I was recently talking about networking with a good friend of mine, Dr. Mark Goulston. Mark is a psychiatrist and consultant, and he said something that intrigued me. “People should always introduce themselves to the wallflower in the room. Nobody attends a networking event wanting to stay in a corner and be left alone. They’re in that corner because the most technically skilled people are often socially shy. You never know when you’ll meet the next Bill Gates.”
This comment really resonated with me, and it reminded me of a time a few years ago when I was at a party put on by Virgin Galactic relating to the testing of White Knight Two and SpaceShip Two. I walked outside the party and looked over in the corner by the pool where I saw a man standing by himself looking uncomfortable and very much out of his element. Then I noticed who it was. It was Burt Rutan, the founder of the aerospace company Scaled Composites and designer of the SpaceShip Two. He was by himself at a party with hundreds of people celebrating the work of the company he founded, as well as Virgin Galactic.
This was an opportunity I could not pass up. So, I went up and introduced myself to him. I asked him if he went to many of these events, and he said, “Counting this one, that would be one.” I asked him why he decided to go to this one, and he said, “Because Richard asked me to come.” By the way, that would be Richard Branson, the founder of Virgin Galactic. Although he didn’t seem very outgoing in this setting, he did seem good with having a conversation, so I pushed on.
I said to him, “It must be incredible to see this amazing, long-term vision come to fruition.” He replied, “This isn’t my long-term vision of what the company can do.”
I’m sure I was visibly surprised, so I asked him, “What’s your long-term vision?” He said, “Well, I believe the company can push forward past sub-orbital flights and expand to allow space tourists to do orbital flights around the earth.” I naively said, “That’s an amazing long-term vision.” He replied, “That’s not my long-term vision.” I was really surprised and said, “Okay, what’s your long-term vision?” He replied that he felt “the company could provide orbital flights to passengers who could then stay at a hotel in space for a short period of time.”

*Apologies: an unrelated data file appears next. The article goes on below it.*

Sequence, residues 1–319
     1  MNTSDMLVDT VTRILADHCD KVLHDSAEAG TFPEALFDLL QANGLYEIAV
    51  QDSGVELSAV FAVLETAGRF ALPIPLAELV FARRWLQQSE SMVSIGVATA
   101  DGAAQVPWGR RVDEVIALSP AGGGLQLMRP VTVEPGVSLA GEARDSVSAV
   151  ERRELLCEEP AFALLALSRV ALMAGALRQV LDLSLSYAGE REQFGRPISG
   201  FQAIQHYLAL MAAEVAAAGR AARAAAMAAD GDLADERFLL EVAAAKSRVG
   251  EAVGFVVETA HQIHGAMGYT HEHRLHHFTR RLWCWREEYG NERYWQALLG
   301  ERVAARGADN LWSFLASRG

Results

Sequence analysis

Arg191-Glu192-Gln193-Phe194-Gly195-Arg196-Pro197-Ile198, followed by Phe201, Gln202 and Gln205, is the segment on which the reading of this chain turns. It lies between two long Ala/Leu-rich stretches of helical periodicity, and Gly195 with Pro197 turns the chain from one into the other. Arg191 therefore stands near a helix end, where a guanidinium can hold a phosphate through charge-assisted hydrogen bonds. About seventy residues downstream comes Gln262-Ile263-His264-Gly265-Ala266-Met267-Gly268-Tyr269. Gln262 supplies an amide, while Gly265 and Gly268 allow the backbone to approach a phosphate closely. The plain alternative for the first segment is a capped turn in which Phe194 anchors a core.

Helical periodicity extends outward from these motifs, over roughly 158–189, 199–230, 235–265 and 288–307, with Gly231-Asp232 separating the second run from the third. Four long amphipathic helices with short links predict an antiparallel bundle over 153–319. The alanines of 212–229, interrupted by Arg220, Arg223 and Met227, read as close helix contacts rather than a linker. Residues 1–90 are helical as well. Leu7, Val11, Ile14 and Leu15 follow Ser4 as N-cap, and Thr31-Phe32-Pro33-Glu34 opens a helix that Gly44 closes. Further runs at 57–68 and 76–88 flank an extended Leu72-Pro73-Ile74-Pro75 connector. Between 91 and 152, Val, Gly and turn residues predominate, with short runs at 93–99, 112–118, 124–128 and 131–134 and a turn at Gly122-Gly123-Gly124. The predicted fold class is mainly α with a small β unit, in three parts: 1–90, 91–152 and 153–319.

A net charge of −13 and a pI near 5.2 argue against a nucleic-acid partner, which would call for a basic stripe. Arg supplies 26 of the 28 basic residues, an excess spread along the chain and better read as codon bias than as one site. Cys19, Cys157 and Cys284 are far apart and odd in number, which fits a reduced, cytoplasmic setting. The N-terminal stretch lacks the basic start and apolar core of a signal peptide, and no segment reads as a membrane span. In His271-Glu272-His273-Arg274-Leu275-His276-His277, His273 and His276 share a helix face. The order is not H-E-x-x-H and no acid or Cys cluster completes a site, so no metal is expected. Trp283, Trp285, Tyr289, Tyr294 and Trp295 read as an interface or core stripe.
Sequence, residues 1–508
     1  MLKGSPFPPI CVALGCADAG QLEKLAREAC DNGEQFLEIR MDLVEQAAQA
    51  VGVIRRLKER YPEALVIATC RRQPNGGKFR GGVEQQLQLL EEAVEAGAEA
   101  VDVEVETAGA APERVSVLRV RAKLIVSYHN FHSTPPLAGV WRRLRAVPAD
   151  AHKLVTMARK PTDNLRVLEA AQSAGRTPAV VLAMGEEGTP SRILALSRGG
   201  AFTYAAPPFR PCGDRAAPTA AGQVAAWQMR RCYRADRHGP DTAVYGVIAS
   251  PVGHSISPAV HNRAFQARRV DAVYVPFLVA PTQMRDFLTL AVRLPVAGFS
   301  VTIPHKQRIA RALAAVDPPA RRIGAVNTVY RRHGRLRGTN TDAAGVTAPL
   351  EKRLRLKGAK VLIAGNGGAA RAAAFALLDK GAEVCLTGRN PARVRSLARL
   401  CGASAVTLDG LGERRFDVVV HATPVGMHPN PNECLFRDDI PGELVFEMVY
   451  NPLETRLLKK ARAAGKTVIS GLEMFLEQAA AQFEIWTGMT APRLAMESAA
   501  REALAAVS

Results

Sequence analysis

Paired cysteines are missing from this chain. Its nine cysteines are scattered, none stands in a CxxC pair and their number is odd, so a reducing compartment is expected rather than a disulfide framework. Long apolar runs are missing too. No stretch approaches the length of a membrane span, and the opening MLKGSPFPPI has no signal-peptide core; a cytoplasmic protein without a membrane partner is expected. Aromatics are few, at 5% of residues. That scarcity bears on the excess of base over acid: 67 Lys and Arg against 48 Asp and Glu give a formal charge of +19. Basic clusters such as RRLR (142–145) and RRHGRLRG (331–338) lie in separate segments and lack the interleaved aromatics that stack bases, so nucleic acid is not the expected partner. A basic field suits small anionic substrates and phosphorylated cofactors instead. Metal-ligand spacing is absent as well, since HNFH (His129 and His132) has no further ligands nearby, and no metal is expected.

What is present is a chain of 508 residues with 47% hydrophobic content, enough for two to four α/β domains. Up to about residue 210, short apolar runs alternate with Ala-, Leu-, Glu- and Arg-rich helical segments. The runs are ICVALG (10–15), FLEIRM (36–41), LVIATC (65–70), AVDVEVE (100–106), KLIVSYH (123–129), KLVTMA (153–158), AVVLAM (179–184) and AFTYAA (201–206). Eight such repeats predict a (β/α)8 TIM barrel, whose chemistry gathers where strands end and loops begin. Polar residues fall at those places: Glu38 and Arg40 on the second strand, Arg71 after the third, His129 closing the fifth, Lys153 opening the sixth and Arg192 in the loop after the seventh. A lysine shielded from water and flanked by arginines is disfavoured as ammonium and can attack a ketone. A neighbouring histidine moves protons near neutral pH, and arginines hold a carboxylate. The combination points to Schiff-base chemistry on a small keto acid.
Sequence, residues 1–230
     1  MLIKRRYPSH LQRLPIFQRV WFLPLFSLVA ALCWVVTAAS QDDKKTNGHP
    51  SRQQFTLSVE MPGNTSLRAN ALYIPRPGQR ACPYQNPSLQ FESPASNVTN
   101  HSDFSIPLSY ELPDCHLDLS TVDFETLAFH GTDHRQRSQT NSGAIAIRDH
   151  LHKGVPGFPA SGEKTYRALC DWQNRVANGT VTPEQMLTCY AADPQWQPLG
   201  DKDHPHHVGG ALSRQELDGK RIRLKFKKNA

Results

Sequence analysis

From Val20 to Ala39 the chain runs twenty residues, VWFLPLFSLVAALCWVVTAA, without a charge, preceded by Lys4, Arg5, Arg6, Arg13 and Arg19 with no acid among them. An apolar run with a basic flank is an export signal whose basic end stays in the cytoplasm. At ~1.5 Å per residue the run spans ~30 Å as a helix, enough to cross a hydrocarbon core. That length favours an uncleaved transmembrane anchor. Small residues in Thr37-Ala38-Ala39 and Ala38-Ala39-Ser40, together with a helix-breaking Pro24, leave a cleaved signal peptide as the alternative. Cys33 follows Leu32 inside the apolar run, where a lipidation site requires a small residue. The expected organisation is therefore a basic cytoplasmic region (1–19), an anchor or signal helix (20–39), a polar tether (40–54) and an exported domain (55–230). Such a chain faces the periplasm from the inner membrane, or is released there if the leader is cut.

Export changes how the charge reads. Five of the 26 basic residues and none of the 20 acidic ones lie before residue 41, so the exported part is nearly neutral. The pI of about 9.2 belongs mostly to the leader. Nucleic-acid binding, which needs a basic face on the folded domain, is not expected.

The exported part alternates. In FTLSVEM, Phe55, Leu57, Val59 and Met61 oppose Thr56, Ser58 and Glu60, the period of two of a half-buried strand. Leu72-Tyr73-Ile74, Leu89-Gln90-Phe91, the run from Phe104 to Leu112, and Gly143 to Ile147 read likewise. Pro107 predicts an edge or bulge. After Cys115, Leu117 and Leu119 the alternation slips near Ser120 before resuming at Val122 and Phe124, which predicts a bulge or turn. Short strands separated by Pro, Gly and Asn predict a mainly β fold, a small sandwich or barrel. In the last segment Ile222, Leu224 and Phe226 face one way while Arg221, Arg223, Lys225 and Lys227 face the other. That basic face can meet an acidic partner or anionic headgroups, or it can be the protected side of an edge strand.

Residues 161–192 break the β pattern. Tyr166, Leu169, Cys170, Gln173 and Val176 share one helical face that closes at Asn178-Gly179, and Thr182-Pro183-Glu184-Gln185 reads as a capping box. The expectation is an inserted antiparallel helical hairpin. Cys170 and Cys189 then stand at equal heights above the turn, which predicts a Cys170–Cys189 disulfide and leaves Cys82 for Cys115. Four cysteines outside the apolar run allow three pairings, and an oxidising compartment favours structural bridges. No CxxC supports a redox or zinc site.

At this point, I’m completely blown away, and I once again said, “That’s an amazing, long-term vision,” and, yet again, he said, “That’s not my long-term vision.” At this point I’m all in, and I’m completely fascinated with this visionary, so I again asked, “What’s your long-term vision?” He replied, “I believe we can launch flights into orbit, stay at a hotel in space, and then take flights around the moon and back. That’s my long-term vision.”
Burt was probably in his late sixties when we had this conversation, and I asked him one final question, “When do you think that vision can become a reality?” And he replied, “I think it can be done in my lifetime.”
The British have a term for what I felt at that moment, “gobsmacked.” I was utterly astounded by this man’s vision, and I was incredibly honored to have had this opportunity to talk with him.
I founded the largest referral networking organization in the world, and I’ve met tens of thousands of people during my tenure in BNI. I can easily say that this was one of the most interesting conversations I ever had with someone at a party or networking event. Burt Rutan’s and, of course, Richard Branson’s, vision of what can be done through their entrepreneurial efforts has left an indelible mark on me.
The important lesson here relates to Dr. Goulston’s belief that we should always look for the “wallflowers” in the room. Not everyone of them will be a Burt Rutan, but I’ve found that most of them are interesting and well worth the conversation. Just every now and then, you might meet a Bill Gates or a Burt Rutan, and that makes the effort of finding those wallflowers worth it.